[tex]E_{kr} = \frac{1}{2}I\omega^2[/tex]

    Your total kinetic energy would be given by the sum of the rotational and linear kinetic energies.

    ~H
     
  8. May 20, 2006 #7

    Curious3141

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    I would advise a little caution since aerodynamic drag can throw your results off more than you'd expect. Your way is fine if you can neglect air resistance (and you probably can for low final speeds), so I'm probably just being overcautious.

    If you want greater accuracy, I would suggest working in an evacuated chamber if you can manage it. Also, use smoothened soft modelling clay or play dough as the landing surface, so you can accurately capture the imprint of the landing marble with minimal rolling after it lands.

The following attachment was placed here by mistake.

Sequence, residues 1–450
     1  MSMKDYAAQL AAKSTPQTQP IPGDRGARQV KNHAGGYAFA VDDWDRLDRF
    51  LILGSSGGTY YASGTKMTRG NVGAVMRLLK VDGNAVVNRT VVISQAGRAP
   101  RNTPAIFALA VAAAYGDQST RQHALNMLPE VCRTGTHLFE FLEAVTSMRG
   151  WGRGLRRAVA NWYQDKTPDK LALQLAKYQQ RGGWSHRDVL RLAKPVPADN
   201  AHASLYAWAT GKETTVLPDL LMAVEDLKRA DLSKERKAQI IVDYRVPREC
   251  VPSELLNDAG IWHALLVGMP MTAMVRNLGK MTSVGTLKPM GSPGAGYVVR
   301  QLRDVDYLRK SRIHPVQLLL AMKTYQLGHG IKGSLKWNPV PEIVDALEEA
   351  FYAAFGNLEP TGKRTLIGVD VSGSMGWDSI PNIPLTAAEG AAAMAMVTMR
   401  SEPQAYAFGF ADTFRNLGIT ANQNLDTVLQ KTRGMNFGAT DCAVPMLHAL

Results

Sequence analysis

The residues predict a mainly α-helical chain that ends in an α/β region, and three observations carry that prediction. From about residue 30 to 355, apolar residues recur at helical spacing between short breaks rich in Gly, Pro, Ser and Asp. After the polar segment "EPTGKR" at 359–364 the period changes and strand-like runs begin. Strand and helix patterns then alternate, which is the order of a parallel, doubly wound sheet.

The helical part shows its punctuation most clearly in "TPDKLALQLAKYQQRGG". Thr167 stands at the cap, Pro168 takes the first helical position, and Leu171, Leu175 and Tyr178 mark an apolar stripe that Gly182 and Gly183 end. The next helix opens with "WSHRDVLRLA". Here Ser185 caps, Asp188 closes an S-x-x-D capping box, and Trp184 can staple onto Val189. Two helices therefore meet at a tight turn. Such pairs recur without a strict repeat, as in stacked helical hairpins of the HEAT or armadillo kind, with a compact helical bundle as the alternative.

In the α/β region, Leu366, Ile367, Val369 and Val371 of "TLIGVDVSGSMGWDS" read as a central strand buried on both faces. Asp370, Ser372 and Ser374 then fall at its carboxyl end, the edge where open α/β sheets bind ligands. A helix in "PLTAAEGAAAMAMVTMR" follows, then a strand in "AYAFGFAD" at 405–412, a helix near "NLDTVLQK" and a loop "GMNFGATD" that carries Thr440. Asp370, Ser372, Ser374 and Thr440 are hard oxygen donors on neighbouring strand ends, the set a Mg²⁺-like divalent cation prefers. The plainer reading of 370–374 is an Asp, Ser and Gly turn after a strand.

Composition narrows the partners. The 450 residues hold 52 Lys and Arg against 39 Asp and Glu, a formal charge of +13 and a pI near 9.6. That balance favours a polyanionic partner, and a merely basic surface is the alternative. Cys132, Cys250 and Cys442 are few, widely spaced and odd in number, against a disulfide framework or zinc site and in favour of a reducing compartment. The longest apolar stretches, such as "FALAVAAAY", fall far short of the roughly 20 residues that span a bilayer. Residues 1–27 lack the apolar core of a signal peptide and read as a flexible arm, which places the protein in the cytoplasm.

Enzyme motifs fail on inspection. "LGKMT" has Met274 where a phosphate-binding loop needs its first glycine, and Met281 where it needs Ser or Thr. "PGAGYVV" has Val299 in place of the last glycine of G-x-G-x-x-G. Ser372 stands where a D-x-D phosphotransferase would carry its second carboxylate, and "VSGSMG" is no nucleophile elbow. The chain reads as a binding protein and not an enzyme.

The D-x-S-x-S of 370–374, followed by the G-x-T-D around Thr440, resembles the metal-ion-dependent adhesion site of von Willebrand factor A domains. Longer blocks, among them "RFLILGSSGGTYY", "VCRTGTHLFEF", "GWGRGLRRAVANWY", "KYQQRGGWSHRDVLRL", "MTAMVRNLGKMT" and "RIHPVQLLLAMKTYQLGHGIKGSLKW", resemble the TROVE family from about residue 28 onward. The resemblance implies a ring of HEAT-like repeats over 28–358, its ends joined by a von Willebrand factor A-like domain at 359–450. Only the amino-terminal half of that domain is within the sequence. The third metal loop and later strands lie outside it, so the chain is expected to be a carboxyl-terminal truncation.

EDIT : I have a couple of other suggestions if you're interested. When you're choosing the marbles, go for the ones which look homogeneous. A lot of marbles have weird designs inside them, and poorly constructed ones even have air bubbles, etc. Try to go for the very plain, smooth ones.

    In fact, if you just want a spherical object and you're not restricted to using glass marbles, go with steel ball bearings of a decent size. Not only is their construction much more quality controlled, they are smoother and less fragile. Seriously, use ball bearings. The greater density will also mean greater mass for the same volume and a bigger imprint on the clay at the end, meaning easier measurement.